Hedging your bets

Our lawyer Fiona McNulty looks at a dispute between neighbours about the height of a garden hedge
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High hedge dispute cartoon
© Malcolm Willett (www.willett-ink.co.uk)
Question: We live in a detached house in Richmond and have a large back garden with high hedges on both sides and the back. This makes our garden private and secluded but our neighbours on one side constantly complain. They have now said that if we do not reduce its height they will make a formal complaint, as a result of which we will get an Asbo. Surely this cannot be right?

Answer: The hedges, I assume, are the same height on both sides of your garden and so it is acceptable to at least one of your neighbours.

Neighbour disputes are very unpleasant and often are blown out of all proportion and so compromise is best. But if this proves impossible, your neighbour does have the right under the Anti-Social Behaviour Act 2003 to complain to the local authority on the grounds that your high hedge is adversely affecting the “reasonable enjoyment” of their own property.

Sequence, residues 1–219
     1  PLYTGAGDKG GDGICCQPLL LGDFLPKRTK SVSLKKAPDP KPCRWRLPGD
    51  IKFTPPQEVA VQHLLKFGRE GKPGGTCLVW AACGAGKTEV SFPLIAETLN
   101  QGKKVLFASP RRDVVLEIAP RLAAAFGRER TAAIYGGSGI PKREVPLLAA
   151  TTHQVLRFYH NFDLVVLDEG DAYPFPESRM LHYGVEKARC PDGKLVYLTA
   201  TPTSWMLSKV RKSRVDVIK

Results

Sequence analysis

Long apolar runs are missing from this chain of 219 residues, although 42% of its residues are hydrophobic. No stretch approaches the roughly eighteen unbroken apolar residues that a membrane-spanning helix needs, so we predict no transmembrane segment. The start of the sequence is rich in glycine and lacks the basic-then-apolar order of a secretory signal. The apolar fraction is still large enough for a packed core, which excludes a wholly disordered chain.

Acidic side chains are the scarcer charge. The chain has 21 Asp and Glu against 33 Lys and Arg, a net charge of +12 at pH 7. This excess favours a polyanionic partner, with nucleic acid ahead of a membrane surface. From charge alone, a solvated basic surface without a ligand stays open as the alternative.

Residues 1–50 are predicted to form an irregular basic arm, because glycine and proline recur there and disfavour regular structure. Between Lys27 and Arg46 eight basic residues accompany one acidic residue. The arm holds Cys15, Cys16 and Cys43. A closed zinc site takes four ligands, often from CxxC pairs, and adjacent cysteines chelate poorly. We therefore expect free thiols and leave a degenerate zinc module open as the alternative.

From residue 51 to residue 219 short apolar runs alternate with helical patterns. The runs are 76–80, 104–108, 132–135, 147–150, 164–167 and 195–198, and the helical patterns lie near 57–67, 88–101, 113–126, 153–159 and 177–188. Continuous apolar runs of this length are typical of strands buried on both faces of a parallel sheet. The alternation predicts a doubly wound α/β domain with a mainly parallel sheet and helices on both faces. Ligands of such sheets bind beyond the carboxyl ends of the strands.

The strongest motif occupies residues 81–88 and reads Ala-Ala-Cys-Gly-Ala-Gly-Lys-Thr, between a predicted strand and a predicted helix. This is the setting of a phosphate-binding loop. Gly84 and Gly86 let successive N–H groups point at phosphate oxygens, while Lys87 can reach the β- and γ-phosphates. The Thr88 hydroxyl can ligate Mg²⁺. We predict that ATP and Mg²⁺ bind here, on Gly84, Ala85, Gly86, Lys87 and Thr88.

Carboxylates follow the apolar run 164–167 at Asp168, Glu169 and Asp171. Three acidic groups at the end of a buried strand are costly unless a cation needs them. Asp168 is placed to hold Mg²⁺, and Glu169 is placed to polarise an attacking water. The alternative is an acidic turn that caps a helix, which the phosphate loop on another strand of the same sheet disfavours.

If the local authority considers your neighbour’s complaint to be justified, it could issue a remedial notice requiring you to cut back your hedge. However, you cannot be required to adjust the height to less than two metres.

If you fail to comply, you could be fined up to £1,000. You can also be made to cut the hedge, and if you disobey this you could be fined more.

What's your problem?

If you have a question for Fiona McNulty, email legalsolutions@standard.co.uk. We regret that questions cannot be answered individually.

Fiona is a partner in the property team at Thring Townsend Lee & Pembertons Solicitors www.ttuk.com.

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